Midterm exams, except courses which have consolidated midterm exams, are scheduled by the course instructor and must appear on the course syllabus. Some courses will have consolidated midterm exams for all sections. Please consult your course syllabus. Final examinations are scheduled by the Registrar’s Office and the schedule for your final exams is available through your Bear Tracks account. In planning trips and purchasing airline tickets you must ensure that your departure date is after your last final exam.
In the absence of compelling personal circumstances, students are responsible to show up at the indicated time and place and write the midterm and final exams as scheduled. Personal travel plans are not considered a compelling personal circumstance.
If you have two exams on one day or two or more exams on successive days, this is not a reason to receive permission to write one or more of the exams at a later time. You can be assured that a number of other students have the same exam schedule.
Missed Midterm Exams
If there are compelling reasons for a student missing a scheduled midterm exam, with appropriate documentation the instructor at their discretion may roll the value of the midterm exam on to the final exam. See Section 23.5.6(1) of the current University Calendar. There is no opportunity to write a makeup or “deferred” midterm exam in any course offered in the Faculty of Engineering.
Missed Final Exams
If there are compelling reasons for a student missing a scheduled final exam, there are formal procedures for applying for a deferred exam. The granting of an official deferred exam is dependent on supplying appropriate documentation and following the required procedures. The entire process is explained in Section 23.5.6(2) in the current University Calendar. Instructors are not permitted to grant “unofficial” deferred exams. It should also be noted that eligibility for a deferred exam requires that you have completed (attempted) at least one half of the term work in the course. The midterm exam is part of this term work.
If you failed a course you may qualify for a re-examination. See Section 23.5.5 of the current University Calendar. To qualify for a re-examination, the course must have been failed. Therefore this is not a mechanism to raise your grade in a course which you passed, regardless if you feel you deserved a higher grade. Only one re-examination is permitted over Fall/Winter. Eligibility for a re-examination in a Fall term course requires a Fall term GPA of 2.0 or above including the failed course. In the Winter term, the eligibility is based on a Fall/Winter GPA of at least 2.0 including the failed courses. Application for a re-examination must be made through the Department offering the course within 10 days of the posting the final course grades.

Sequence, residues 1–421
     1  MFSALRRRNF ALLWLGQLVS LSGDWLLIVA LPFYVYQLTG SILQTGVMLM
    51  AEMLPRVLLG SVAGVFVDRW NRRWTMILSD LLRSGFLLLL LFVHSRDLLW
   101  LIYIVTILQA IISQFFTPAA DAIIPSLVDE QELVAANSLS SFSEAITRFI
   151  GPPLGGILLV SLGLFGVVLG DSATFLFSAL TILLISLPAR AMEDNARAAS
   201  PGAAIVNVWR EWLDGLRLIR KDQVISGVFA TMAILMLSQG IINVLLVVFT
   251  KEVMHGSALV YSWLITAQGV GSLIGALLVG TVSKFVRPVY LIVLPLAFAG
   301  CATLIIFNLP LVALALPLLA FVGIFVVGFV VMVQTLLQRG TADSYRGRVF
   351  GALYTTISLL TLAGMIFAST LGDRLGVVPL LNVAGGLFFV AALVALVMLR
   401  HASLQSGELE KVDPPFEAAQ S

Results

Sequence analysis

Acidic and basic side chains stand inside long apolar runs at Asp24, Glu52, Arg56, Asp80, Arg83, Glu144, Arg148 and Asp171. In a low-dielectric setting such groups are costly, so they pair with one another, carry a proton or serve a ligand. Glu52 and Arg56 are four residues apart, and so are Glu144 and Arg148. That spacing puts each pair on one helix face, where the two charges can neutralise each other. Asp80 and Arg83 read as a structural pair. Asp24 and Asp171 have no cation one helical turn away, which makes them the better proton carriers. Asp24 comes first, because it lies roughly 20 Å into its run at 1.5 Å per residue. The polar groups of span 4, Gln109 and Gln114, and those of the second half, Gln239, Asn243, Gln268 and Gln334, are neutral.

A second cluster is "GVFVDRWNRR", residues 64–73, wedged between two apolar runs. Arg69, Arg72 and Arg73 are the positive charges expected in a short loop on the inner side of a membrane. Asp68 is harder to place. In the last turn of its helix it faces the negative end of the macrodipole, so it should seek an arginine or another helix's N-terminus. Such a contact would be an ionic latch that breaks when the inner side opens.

Policies with respect to all of these topics are part of the Faculty of Engineering’s Academic Regulations which appear in Section 83.3 of the current University Calendar.
The Faculty is committed to maintaining academic integrity within the engineering program. The Code of Student Behaviour is published in Appendix A of the current University Calendar. As the Code is reviewed and updated periodically, please consult the GFC Policy Manual for the most current information. Academic offences such as plagiarism, cheating, misuse of confidential materials, research and scholarship misconduct, misrepresentation of facts and participation in an offence are taken very seriously and can result in significant sanctions which range from grade reductions to suspension or expulsion.
Plagiarism (copying or unauthorized collaboration on assignments, projects, lab reports or other coursework) can be a difficult offence for students to understand in that the rules may vary from one course to another. As policies on collaboration can vary from course to course you must consult your instructor.
Students who commit academic offences or aid others in committing academic offences create a situation where one or more students gain an academic advantage over other students. This is unfair and is not tolerated. Student(s) who are found to have committed such offences are dealt with severely through the formal discipline process outlined in the Code of Student Behaviour.